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Tim Howard and the ‘First American’ Phenomenon

Our on-again, off-again love-fascination with international sports stars

This White House petition gimmick may be the best thing to happen to the government since James Buchanan blew town. You create one online, and if you can get 100,000 people to sign on in a specific slice of time, the Obama administration has to respond to it. My favorite one had been the attempt to use the construction of an actual Death Star as a stimulus program. The White House turned it down, probably because those things are notoriously easy to blow up. But that was replaced last week by the petition to rename Reagan National Airport after Tim Howard, the superlative goalkeeper for the United States men’s national team. Now, I will admit I’m not objective. If they wanted to rename Reagan National after Flipper, I’d be the first in line. But for most of my sportswriting life, Flipper had a better chance of having an airport named after him than did any American soccer player.

Of course, the good people who follow Everton in the English Premier League have known how great Howard was all along. In 2009, he backstopped a big win over Manchester United in an FA Cup semifinal and, three years later, he scored from his own penalty area against Bolton. Everton’s official blogger informed his readers that America was gripped by “Howard Mania” on the occasion of its 238th birthday over the weekend. Landon Donovan played for Everton, too, which I am sure will be a topic of those veteran ironists who hang out at the beer stands at Goodison Park.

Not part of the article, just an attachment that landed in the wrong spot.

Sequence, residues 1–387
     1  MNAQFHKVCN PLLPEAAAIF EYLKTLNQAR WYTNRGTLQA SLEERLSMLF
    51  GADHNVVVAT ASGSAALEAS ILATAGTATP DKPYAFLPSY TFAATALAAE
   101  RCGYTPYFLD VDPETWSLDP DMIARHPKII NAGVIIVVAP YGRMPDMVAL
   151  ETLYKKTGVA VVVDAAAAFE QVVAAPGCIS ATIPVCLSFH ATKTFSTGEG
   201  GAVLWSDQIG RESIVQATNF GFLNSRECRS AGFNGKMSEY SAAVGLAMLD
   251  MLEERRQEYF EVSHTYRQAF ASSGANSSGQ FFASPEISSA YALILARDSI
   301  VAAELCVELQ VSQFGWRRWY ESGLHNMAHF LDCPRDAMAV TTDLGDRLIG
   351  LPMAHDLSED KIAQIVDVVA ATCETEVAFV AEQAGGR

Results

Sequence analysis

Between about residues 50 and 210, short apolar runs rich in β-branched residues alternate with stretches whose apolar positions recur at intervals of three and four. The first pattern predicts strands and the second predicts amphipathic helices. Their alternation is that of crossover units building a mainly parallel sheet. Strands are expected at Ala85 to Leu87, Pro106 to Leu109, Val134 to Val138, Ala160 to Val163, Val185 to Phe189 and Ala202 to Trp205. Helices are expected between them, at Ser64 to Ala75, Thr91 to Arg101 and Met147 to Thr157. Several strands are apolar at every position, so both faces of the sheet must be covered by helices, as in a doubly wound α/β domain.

This has been a remarkable couple of weeks for Howard, whose 16 saves in the loss to Belgium looks like it will become one of those iconic sports numbers. (How many casual viewers could honestly say they’d seen 16 saves in the rest of the current World Cup competition combined prior to that game?) After all the fuss and bother around Jürgen Klinsmann not bringing Donovan, one of the faces of American soccer, to Brazil, it turns out the actual face of the game in this country was there all along. And he has a mighty fine beard. Things got big enough that even Maureen Dowd got hip to the burgeoning phenomenon. She made Howard the measure of how American heroes have changed since the days when Duke Wayne was pretending to kill Japanese people in the movies while dodging any possibility that he might have to do it for real:

America’s infatuation with the World Cup came at the perfect moment, illuminating the principle that you can lose and still advance. Once our nation saw itself as the undefeatable cowboy John Wayne. Now we bask in the prowess of the unstoppable goalie Tim Howard, a biracial kid from New Jersey with Tourette’s syndrome. With our swaggering and sanguine image deflated by epic unforced errors, Americans are playing defense, struggling to come to grips with a world where we can no longer dictate all the terms, win all the wars and lead all the charges.

I am not entirely sure how Tim Howard, as a biracial “kid” — he’s 35, but never mind — from New Jersey with Tourette’s syndrome is somehow a measure of the nation’s decline. But welcome to your new life as a muddled metaphor, Tim Howard. That’s what you get for being really good at your job on television.

Click here for more on the 2014 World Cup.

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One reason the country — and its pundits — have latched on to Howard is that he is a goalkeeper. It’s the one position even the most soccer-averse American can understand. Go to any park on any Sunday in the fall, and you will see 6-year-olds coming to blows over who will start as keeper. This is because even when there’s nothing going on, you’re back there, alone, as the center of attention. More Americans can probably tell you the difference between a striker and a center-half these days, but those positions remain a mystery for most of the folks who check in with the sport only every four years. But everybody knows what a goalkeeper does. And everybody watched Tim Howard — the latest in a long line of fine American goalkeepers — keep the goal against Belgium better than any American ever has.